But when she told me that she has B- (B Negative Blood) and had been reading on the net about how this blood type came from a breeding program begun by alien visitors to our planet, I knew this sweet lady had encountered some of the same groups and posts that anyone who begins reading around DNA and Blood Type does.

There is just a lot of hooey attached to B- negative blood on the Internet and other media.
Some of these include :

The "fact" that because human fetus have "tails" that proves we humans are "reptilian" and that the B- blood people have extra vertebrae and small tails on them.  (The truth is that many animal species that never develop tails look to have tails when they are only fetus and that this is simply a stage of development of the spine.  A tiny percentage of humans do have a more prominent tail bone or an extra vertebrae.)

The "fact" that people with B- blood are more often abducted by aliens, that aliens prefer them.  (Yummy!  Though I'm open to the idea that there is life on other planets that we would consider to be alien, and am even open to the idea that some people have had close encounters of the 3rd kind with alien beings,  I would love to know who took the abductee poll and how and when!)

The "fact" that people with B- blood are more psychic than other people with other blood types.  (I think all people have some capacity for having the 6th sense and that it might be innate like a talent or developed as a skill but there is simply no proof that type B- people, due to their blood type, are more psychic.)

"The "fact" that people with B- blood are EVIL and that the origins of this blood type come out of a place called the "Draconian" Caves.  (...as in Dracula - who by the way WAS A FICTIONAL CHARACTER...)

There are plenty of maps and charts showing the distribution of type B+ and B- blood all over the world which do, with changes in population, vary from year to year.  Granted some places such as Northern India - have higher rates, but overall B blood is rare and AB blood is even rarer.

The "fact" that people with B- blood also have higher IQ's that everyone else.  (Again, who, when, where, and how did someone take that poll? I know some people who would like to boast about it!)

The "fact" that humans in general were bred by aliens who ruled the earth, gods, or God, to be slave labor, in particular to mine gold, or that the female primates who were on earth at the time were inseminated for this purpose or the purpose of making man in the image and likeness of God...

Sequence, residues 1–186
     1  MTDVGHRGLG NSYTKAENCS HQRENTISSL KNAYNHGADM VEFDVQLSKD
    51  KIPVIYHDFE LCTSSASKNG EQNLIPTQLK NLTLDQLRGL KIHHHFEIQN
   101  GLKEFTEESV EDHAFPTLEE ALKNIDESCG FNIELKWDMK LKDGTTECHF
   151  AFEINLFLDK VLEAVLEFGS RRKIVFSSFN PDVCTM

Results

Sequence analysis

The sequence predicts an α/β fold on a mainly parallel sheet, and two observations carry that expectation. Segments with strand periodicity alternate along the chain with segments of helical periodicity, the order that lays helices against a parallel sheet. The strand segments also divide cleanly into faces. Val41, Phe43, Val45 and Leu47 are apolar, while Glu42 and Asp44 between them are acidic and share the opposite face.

(And if that is the case, so what?)

HERE ARE SOME FACTS CIRCA 2015 about B- blood that you can count on:

B blood is RARE blood.  B- blood is RARER than B+ blood.  In the United States, depending on which chart or map you look at, and because of who has and is immigrating here, the rate for B- is about 2-3% of the population but it might be higher or lower in your particular city or state.  Therefore most Blood Banks are always looking for B blood/plasma donors.

Scientists do not yet know how it is that blood types developed or mutated but they feel that a variation in blood types probably happened due to mutations and they sure do want to know so they are working on it.  The most prevalent blood type on earth is O as in Original Blood type and it is extremely prevalent.  DNA studies of migration may prove useful to figuring it all out.

It is possible that at one time the B blood type was far more prevalent but due to some disease that effects B blood type people more than other blood types more of those people could have died off.   It's true that some diseases seem to be more prevalent in certain blood types.

Type AB blood is even rarer and seems to have developed or mutated only a few thousand years ago. 

Science is clear that DNA mutates and that blood type is in our DNA.

B blood is sometimes called "The Asian blood type" but B- blood seems also be a Middle Eastern or Central Europe blood type.  B- blood is prevalent in Northern India while B+ blood is associated with some of China.

If you are looking to prove paternity in court, DNA tests today are far more accurate than previous Blood Type proof.

So to all you evil, psychic, genius UFO abductees with tails out there... sorry!

Negative blood is associated with "the Rhesus factor" as in the Rhesus monkey, another primate, but that doesn't mean that people with negative blood come from a long lineage of monkeys (and certainly not reptiles).